Asbestos in imported Radio (Remote) Controlled Vehicles

Date created: Date modified: 26 Jan 2024


This safety alert provides information about the presence of asbestos in parts for radio controlled vehicles (RC vehicles) manufactured in the People’s Republic of China and imported from the United States of America.  


Chrysotile asbestos has been detected in the slipper pads of certain models of 2WD RC vehicles imported into Australia. This has resulted in an Australian recall by the licensed importer in August 2021. The US supplier has initiated the supply to Australia of a non-asbestos replacement line of parts. 

Other gaskets and slipper pads from the same Chinese manufacturer are also being investigated in Australia and by the US supplier. As investigations continue, it is possible other brands with similar parts of like material may be identified as containing asbestos.

Product description

Affected parts: Slipper pads installed within the transmission of battery powered RC vehicles and sold separately as slipper assemblies. The slipper pads provide traction for the transmission to enable quick change of speed for the RC vehicle. 

They have a washer-type appearance and may vary in colour, material and outer shape from round to hexagonal, between models of RC vehicles. In each vehicle there are usually two, at a minimum, that sit either side of a Spur Gear. 

The pads are made from a gasket-type friction material that wears down from use and is a replaceable part. The pads may be sold separately with other related parts, as slipper assemblies, or in pairs or threes, for replacement by the user.  

Note: Most models of slipper pads do not contain asbestos. Consumers, however, should exercise caution and check with the retailer or supplier.

Figure 1: Previously advertised image of slipper assembly, with affected pads (pink coloured)

Figure 2: Exposed worn slipper pad in situ showing asbestos fibre bundles

Figure 3: Deconstructed slipper pad material 

Asbestos in imported products

In Australia, the importation, manufacture, supply, sale and use or reuse of asbestos and asbestos-containing products is not permitted, except under very limited circumstances. However, some countries around the world continue to manufacture and supply asbestos and asbestos-containing products and materials. In addition, some supplier countries may classify goods with low levels of asbestos as ‘asbestos-free’ or ‘non-asbestos’. Sourcing apparent non-asbestos products from manufacturers that also make asbestos products is a risk for importers because under Australian law any level of asbestos is prohibited for import or use.

Risk control

When installed, the slipper pads are enclosed and do not present a risk to the user of the RC vehicle. It is when the assembly is deconstructed to access the worn slipper pads that the risk of exposure to asbestos fibres may arise. Owners of affected vehicles must not attempt to remove or replace the slipper pads or disassemble and maintain their vehicles.  Slipper pads should only be handled by a technician who is qualified to safely work with asbestos-containing materials.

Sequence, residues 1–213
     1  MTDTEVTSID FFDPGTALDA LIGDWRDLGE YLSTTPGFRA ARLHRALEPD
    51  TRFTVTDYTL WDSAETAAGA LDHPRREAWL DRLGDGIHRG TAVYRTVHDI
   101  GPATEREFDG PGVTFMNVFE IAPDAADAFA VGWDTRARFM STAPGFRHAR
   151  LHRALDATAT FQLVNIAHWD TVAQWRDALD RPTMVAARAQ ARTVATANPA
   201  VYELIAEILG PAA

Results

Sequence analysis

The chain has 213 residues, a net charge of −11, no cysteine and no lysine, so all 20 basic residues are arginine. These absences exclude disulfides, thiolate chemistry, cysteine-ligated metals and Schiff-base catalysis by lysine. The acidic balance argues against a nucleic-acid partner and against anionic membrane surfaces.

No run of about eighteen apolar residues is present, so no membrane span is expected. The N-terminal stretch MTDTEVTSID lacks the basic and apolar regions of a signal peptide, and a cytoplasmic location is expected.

Follow the instructions within the recall.  

Action Required 

  • Importers must ensure they do not import asbestos into Australia. They need to be aware of the varying definitions and standards applied in the country of origin and/or supply and ensure they receive adequate evidence of non-asbestos materials used by the manufacturer. A declaration of no asbestos from the overseas supplier, on its own, is not acceptable evidence. 
  • When a risk is identified at the border, the ABF will require assurance from the importer, in the form of documentary evidence, that the goods do not contain asbestos. A test report from a NATA accredited laboratory (or equivalent international laboratory) showing no detectable asbestos is the best form of assurance. If adequate assurance is not provided, importers will face delays and be responsible for costs incurred when the goods are held at the border for the purposes of sampling and testing. See the ABF website for further information.
  • If a consumer wishes to dispose of equipment they believe may contain asbestos, they should take it to a licensed facility that handles hazardous waste. Further information on the disposal of asbestos waste may be obtained from local government authorities, the relevant environmental protection authority or waste disposal authority in your state or territory.

Where do I get advice?

If unsure what to do, contact your State/Territory/Commonwealth WHS regulator:



Contact Details




1300 366 979


Workplace Health and Safety Qld

1300 362 128



QLD Gov Asbestos page

13 74 68


WorkSafe ACT

02 6207 3000


ACT Gov Asbestos page

13 22 81


Safework NSW

13 10 50


NSW Gov Asbestos page

13 10 50


Worksafe NT

1800 019 115


NT Gov Asbestos page

1800 019 115


SafeWork SA

1300 365 255


SA Gov Asbestos page

1300 365 255


Worksafe TAS

1300 366 322


Worksafe VIC

1800 136 089


Vic Gov Asbestos page

1800 136 089


WorkSafe WA

1300 307 877


WorkSafe NZ

+64 0800 030 040


This Alert has been developed by the Heads of Workplace Safety Authorities (HWSA) Imported Materials with Asbestos Working Group, whose membership comprises representatives from: Australian Border Force, Asbestos Safety and Eradication Agency, Attorney General’s Department, Australian Competition & Consumer Commission, New Zealand Customs Service, Comcare, Safe Work Australia, SafeWork NSW, SafeWork SA, NT WorkSafe, Workplace Health and Safety Queensland, WorkSafe ACT, WorkSafe Tasmania, WorkSafe Victoria and WorkSafe WA, WorkSafe NZ.